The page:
Saturday, April 7, 2018

Movie Reviews: The Snowman

The Snowman
directed by Tomas Alfredson
This is a detective crime thriller based in Norway. Unfortunately I found it way too derivative of many other films, primarily Insomnia and Seven. But if being derivative was a bad thing hardly any movies would be made or watched. Worse than being derivative I simply couldn't relate to or sympathize with any of the characters. I wonder if this movie would have been better if it was made with Norwegian actors speaking their native tongue and subtitled in English. The film definitely got across that it was set somewhere besides New York or London. But even though it was shot in Norway with beautiful sets and locations, I never believed that the primary actors were Norwegian.

And that's because by and large they weren't. Alfredson directed the hit Swedish horror thriller Let The Right One In. It felt like The Snowman was an attempt to capitalize on his previous success as well as that of other set in Scandinavia films such as The Girl With The Dragon Tattoo. There's something that can be spooky about settings in the far north with people who are either gloomily introverted or dangerously drunk but this movie didn't reach those heights. This was a movie that was made for background watching. And no movie should be made for just having on while you do something else.

The convoluted plot tried to say something about men, women and responsibility but it missed the mark. If the writers and actors give the strong impression of not caring about the story then why should the viewer. Don't get me wrong. A film can have an insane, contradictory and downright confusing storyline and still be a masterpiece; witness The Big Sleep. That story was so up in the air and all over the place that when the director and screenwriters sent a message to the novelist asking him if a particular character in his book had committed a crime, the novelist had to respond that he didn't know either. So complex stories can be good.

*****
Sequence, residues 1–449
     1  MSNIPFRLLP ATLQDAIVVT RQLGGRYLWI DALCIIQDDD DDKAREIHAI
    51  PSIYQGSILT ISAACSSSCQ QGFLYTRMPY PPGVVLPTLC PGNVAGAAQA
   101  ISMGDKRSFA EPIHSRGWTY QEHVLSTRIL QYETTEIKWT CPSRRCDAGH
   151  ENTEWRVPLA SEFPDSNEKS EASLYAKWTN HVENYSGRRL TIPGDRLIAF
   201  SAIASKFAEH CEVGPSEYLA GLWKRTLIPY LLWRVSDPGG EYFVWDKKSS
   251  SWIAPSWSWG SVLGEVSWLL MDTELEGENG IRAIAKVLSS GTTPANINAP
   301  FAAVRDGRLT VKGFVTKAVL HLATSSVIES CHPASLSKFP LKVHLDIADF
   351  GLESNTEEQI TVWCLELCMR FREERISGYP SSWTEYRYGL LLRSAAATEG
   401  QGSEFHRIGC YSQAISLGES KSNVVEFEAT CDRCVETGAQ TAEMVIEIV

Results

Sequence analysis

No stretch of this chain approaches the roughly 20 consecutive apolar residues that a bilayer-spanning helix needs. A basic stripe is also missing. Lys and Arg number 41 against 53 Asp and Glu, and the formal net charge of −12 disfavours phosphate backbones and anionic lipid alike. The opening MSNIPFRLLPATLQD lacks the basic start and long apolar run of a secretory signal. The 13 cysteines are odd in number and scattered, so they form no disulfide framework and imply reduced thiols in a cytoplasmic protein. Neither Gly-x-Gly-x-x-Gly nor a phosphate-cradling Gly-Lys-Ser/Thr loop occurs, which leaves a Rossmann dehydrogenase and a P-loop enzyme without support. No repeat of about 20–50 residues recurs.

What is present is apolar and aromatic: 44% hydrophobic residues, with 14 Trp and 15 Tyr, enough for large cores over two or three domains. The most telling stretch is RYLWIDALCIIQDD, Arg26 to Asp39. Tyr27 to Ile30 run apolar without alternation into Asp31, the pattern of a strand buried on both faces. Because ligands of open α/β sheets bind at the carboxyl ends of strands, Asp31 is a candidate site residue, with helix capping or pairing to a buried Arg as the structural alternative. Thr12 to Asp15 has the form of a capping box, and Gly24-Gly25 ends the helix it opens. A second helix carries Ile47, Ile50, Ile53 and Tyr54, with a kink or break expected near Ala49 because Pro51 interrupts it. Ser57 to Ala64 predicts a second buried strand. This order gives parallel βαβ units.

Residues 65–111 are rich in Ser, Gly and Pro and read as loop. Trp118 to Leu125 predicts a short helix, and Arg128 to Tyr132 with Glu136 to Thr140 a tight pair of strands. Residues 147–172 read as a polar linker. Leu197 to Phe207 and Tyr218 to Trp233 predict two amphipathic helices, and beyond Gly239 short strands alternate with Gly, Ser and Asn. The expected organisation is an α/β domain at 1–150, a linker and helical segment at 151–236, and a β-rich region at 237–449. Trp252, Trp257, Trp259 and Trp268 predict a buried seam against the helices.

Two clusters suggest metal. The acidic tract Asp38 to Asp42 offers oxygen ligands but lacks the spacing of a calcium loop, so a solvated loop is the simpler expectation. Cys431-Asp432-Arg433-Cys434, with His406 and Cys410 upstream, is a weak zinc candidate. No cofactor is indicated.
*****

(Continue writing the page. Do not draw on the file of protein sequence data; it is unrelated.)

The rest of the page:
But you have to care about the characters. In The Big Sleep Bogart and Bacall are cool beyond words. You don't have to know who did what. All you know is that you want them to end up on the same side and together. The Snowman doesn't have a Bogart or Bacall. It was hard for me to care who wound up with whom or who committed the crimes. And I don't think the director cared that much either.

The unfortunately named Harry Hole (Michael Fassbender) is a skilled police detective in Oslo. He's a drunk and occasional insomniac. He's divorced from his wife, or is it estranged from his girlfriend? In any event his ex Rakel (Charlotte Gainsbourg) has decided not to tell their son Oleg that Harry really is Oleg's father. But then again Rakel has a history so maybe Harry isn't the father. In any event Rakel thinks because Harry isn't around often and is often drunk or withdrawn when he is, it's just as well that Oleg has an arm's distance relationship with Harry. Rakel has moved on and upwards. She's with a surgeon now, Matthias (Jonas Karlson), who takes care of her material needs more than Harry ever could. 

Harry is a workaholic and an alcoholic. He gets a strange letter taunting his detective abilities. Shortly afterwards Harry and his new partner, the intense and attractive Katrine Bratt (Rebecca Ferguson) are assigned to a missing person's case. And wouldn't you know it but there's a snowman at the crime scene that looks just like the drawn snowman in the letter Harry received. The game is afoot. But to paraphrase the President, this was a low energy film. The opening scene had creepy promise but the rest of the movie was something of a letdown.

Other actors/actresses of note include J.K. Simmons, Chloe Sevigny, James D'Arcy, Val Kilmer, and Toby Jones. Val Kilmer, by the way, was really bad in this movie. 
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